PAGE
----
FDA must be cautious about using EHRs for clinical trials

People often lump together all of the federal government as one great big entity.  

But the different offices of the executive branch don't always work in lock step. They may not even know what's going on within the same federal agency.

For instance, the U.S. Food and Drug Administration (FDA), evidently frustrated by the lack of clinical drug trials using eSource technology, despite issuing guidance on it almost two years ago, is spearheading an effort for drug trials to incorporate electronic health record data into the research, issuing a notice outlining its intent and looking for demonstration project proposals. Ron Fitzmartin, a senior advisor for the Data Standards Program of FDA's Center for Drug Evaluation and Research's Office of Strategic Programs, explained in a webinar July 7 that "we're very eager to see paper going away. Technologies exist where they have transformational change. We want to encourage and be a part of that."    

Fitzmartin added that the FDA was "technology agnostic," but that it wanted companies to implement new technologies to implement the eSource guidance, and that EHRs would fit with FDA regulation, since they were certified by the government. The FDA "expected the floodgate to open."

This sounds like a great development. EHRs have already demonstrated that they improve and simplify clinical trials. The FDA has been criticized for its slow process of approving new drugs; this could streamline clinical research, bring drugs to market faster and have a major impact on patient health.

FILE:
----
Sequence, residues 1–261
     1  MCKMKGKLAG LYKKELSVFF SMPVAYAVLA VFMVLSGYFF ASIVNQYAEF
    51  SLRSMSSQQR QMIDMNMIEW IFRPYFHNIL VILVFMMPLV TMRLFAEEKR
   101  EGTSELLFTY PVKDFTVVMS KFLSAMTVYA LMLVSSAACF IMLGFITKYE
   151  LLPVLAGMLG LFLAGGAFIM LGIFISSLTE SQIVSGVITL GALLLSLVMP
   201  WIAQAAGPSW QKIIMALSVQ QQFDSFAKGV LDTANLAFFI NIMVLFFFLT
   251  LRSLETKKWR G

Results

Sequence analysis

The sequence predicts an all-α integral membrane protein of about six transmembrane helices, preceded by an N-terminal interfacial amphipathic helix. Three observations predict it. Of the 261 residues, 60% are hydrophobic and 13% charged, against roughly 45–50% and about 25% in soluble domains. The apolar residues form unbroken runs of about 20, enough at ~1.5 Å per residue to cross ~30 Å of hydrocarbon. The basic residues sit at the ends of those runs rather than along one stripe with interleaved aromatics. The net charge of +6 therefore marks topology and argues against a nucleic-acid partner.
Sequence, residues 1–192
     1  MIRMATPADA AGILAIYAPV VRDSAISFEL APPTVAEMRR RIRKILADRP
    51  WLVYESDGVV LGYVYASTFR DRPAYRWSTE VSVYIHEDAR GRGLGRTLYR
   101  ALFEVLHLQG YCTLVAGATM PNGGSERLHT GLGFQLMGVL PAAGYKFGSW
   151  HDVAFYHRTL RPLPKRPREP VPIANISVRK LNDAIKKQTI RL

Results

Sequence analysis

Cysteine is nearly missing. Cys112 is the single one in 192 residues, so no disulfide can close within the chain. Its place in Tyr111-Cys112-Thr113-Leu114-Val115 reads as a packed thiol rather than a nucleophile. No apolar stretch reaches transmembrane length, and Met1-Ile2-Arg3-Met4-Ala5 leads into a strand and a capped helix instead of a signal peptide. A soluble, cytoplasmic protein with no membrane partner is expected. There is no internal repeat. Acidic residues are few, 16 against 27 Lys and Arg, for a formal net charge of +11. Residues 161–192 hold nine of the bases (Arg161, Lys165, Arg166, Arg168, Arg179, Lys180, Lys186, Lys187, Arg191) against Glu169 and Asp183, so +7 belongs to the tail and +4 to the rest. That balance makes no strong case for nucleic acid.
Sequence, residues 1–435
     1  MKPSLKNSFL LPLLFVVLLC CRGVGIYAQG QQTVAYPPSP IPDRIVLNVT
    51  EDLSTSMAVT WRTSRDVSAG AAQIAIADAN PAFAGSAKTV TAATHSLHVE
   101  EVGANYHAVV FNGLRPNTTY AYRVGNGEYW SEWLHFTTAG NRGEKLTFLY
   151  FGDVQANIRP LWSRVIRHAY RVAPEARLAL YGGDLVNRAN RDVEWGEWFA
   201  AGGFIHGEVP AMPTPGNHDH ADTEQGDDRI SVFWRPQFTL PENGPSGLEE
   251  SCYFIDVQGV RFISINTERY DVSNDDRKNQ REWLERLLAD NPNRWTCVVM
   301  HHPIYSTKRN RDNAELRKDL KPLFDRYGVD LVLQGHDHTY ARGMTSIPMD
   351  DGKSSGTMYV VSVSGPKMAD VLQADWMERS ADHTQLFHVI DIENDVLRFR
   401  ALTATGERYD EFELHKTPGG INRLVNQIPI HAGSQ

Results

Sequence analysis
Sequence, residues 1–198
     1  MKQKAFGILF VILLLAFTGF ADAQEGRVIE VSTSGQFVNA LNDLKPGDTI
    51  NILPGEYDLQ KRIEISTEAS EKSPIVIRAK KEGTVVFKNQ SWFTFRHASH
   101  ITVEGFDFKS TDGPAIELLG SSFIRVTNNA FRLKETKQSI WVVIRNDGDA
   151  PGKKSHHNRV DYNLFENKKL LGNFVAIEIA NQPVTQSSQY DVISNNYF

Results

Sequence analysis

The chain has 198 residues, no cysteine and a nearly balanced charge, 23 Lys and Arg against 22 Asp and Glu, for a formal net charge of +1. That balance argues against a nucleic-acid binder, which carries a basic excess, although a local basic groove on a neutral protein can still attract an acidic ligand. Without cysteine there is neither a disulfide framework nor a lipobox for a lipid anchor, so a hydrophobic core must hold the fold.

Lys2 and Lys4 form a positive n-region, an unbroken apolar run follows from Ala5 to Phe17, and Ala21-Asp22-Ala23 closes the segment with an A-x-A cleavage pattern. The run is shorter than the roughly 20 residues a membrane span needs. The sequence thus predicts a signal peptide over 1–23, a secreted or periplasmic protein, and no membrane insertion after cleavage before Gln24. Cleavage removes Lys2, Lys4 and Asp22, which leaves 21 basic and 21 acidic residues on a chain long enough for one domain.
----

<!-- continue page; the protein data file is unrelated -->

But is the FDA aware that EHRs are not a panacea?

For instance, lack of interoperability is already casting a shadow on the usefulness of EHRs in clinical trials.

On top of that, certification of EHR products is now a major concern, and the rallying cry to decertify errant EHRs is growing. Congress has urged the Office of the National Coordinator for Health IT to use its authority to certify only EHRs that meet Meaningful Use and don't block data sharing, and to punish the noncompliant with decertification. Two products were decertified in 2013, and ONC has acknowledged that more widespread decertification is a possibility. If this begins to occur, and EHRs are integral components of clinical trial research, then decertification would not only be devastating to providers using the now-decertified systems, it could adversely affect clinical trials using them, as well.

It has already been discovered that a number of EHRs are not meeting the Meaningful Use certification requirements on usability reporting. This may be just the tip of the iceberg, with the certification of many EHR products suspect and subject to scrutiny.    

Then there's the U.S. Department of Health and Human Services Office of Inspector General (OIG), which has long expressed concerns about EHR fraud and the integrity of EHR data. There's unfortunately ample evidence that EHR data is both inadvertently and intentionally manipulated and compromised. One of the reasons that the FDA wants to turn from paper to EHRs is to improve the integrity of the data used in clinical trials. But is that data truly reliable? Or simply more reliable than paper?

All three agencies--FDA, ONC and OIG--are part of HHS. But you wouldn't necessarily know that by these developments. I'd like to think that the FDA is aware of them, but I haven't seen evidence of that.

Exploring the use of EHRs to improve clinical trials is a wonderful idea. But the FDA should keep an eye on what its colleagues are worried about. Issues elsewhere may put a crimp into its efforts and undermine what the agency is trying to achieve. - Marla (@MarlaHirsch and @FierceHealthIT)

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